Equal parts taut post-punk and off-beat new wave, Nottingham’s Do Nothing are one of the most exciting bands on the scene at the moment, and you can catch them live at YES on 13 October.
“I’m going round in circles like a little baby eel / In a glass of water / All the way to Glueland” sighs Chris Bailey in ‘Glueland’, the funk-infused title track from Do Nothing’s second EP. Slightly absurd, idiosyncratic images like this run through the five-track release, used to convey a feeling of being stuck in a state of mundanity – AKA in ‘Glueland’. Bailey explains: “It’s about how rather than being dictated by wild or dramatic decisions, a lot of things (both good and bad) are controlled by this sort of lame jockeying that happens right in the grey dull middle ground of everything”.
But the grey dull middle ground is far from where Do Nothing operate. Propelled by acerbic lyricism, razor sharp guitar hooks and off-kilter drum grooves, 2021’s Glueland blows most bands in the crowded post-punk scene out of the water. Its interest comes by way of contrasts; on the one hand you’ve got this nonchalant, I-don’t-care vibe in the looseness of the grooves and in Bailey’s speak-singing, but then there are these layers of self-awareness and sentimentality in the lyrics and in the poignant harmonies. It’s the way the band lurch between these two poles that makes their music captivating.
Take ‘Uber Alles’, one of the best tracks. It’s got these delicate verses that dig into a… sort of… disco-for-ghosts vibe, not dissimilar to Radiohead in its eery prettiness, its melodic melancholy and lyrics that deal with self-doubt. But then it’s got these urgent and spiky instrumental sections that offer up something entirely different, something more visceral and fierce. Each section reinforces the intensity of the other, before finally, the fiercer beast wins and a sliding, math rocky bass and deranged guitars propel the track to its cliff-fall conclusion.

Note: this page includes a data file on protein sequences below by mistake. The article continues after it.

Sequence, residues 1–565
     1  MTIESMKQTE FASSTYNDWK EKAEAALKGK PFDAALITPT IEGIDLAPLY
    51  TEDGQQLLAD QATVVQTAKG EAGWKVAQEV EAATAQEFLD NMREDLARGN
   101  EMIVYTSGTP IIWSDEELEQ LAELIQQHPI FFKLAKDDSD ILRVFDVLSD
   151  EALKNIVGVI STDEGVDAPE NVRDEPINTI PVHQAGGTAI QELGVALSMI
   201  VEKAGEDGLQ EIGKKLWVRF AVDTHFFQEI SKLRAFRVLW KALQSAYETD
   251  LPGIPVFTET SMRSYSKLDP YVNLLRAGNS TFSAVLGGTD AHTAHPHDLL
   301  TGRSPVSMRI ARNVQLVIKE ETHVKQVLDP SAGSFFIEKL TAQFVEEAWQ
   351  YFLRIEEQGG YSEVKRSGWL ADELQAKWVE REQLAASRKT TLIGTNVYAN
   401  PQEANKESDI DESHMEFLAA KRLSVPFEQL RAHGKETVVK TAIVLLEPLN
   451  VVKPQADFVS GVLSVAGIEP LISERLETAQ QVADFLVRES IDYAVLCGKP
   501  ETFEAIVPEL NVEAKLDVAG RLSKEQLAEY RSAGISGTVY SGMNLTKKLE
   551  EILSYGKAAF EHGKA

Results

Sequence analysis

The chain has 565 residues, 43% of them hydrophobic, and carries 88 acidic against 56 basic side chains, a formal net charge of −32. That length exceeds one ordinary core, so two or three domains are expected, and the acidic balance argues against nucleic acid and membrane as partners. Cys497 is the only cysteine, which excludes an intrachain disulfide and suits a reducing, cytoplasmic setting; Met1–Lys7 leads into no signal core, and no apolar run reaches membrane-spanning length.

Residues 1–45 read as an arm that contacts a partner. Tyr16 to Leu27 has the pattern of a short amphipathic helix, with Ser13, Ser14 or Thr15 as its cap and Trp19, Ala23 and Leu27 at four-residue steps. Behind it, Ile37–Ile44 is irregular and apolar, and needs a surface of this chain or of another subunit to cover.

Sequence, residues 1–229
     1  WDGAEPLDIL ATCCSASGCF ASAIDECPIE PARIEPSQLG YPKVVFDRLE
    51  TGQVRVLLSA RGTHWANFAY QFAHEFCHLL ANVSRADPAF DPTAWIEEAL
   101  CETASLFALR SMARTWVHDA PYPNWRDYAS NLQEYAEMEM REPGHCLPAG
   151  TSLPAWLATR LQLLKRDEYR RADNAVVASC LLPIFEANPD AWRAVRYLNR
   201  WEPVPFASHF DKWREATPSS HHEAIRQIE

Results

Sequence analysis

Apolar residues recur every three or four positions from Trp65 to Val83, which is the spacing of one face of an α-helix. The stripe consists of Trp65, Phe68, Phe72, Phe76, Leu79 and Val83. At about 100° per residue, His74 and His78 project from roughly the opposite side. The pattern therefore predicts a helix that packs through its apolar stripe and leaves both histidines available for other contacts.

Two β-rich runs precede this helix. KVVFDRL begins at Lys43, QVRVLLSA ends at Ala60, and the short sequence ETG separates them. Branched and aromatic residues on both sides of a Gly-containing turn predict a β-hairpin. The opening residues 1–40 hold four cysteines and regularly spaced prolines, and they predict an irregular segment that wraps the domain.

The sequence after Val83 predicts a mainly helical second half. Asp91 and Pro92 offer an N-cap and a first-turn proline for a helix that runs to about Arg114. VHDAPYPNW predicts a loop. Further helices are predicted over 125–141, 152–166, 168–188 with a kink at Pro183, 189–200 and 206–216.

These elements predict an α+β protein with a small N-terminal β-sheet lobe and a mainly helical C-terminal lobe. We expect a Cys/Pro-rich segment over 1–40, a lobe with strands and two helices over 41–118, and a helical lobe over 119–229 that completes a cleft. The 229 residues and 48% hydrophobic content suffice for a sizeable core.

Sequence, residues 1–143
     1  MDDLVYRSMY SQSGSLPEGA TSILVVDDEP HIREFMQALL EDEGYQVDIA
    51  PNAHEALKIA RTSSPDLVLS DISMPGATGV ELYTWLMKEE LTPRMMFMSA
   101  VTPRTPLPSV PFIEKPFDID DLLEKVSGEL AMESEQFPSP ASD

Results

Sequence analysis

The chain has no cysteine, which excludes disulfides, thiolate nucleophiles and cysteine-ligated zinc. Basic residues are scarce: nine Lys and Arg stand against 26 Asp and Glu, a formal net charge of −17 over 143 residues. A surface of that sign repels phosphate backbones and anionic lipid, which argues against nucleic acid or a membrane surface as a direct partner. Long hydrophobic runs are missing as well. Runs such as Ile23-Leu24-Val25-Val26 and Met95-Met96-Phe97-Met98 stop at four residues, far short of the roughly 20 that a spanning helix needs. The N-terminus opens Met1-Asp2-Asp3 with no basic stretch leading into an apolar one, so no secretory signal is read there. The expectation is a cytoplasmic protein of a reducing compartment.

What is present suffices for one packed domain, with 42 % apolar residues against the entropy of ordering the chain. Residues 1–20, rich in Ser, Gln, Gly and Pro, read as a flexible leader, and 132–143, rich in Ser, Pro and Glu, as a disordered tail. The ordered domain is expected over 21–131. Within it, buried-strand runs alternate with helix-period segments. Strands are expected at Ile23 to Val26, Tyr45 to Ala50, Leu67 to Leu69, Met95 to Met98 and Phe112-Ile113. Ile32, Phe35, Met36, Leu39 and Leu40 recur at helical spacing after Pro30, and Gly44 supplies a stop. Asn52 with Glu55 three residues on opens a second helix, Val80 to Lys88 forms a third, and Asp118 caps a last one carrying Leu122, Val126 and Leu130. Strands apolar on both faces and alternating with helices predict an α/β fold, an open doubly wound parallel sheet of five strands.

This thing about contrasts, it’s not new; Do Nothing’s debut EP, Zero Dollar Bill, did the same thing, in the same captivating way. It also showcased, perhaps even better, Bailey’s penchant for brilliantly obscure, often hilarious lyrics, drawing on everything from Fyre Festival villain Billy McFarland to The Simpsons’ Lionel Hutz. But the plot thickens with Glueland for the reason that the band were able to get more experimental sonically, due to more studio time. From the title track’s ominous synth bass to the spacey vibraphones in ‘Uber Alles’ to the crunchy drum samples in ‘Rolex’, ‘Knives’ and ‘Great White Way’, this is the sound of a post punk band entering a new realm.
It’s thus a really exciting time to catch Do Nothing live. What’s more, as the EP was released during lockdown, the band have still only performed these new (ish) tunes live a handful of times, which always brings a thrilling kind of danger with it.
Snapping at the heals of bands like Squid and Black Country, New Road, big things surely lie ahead for Do Nothing, who, it turns out, do quite a lot, actually. With tickets likely to sell out for YES, grab yours while you can.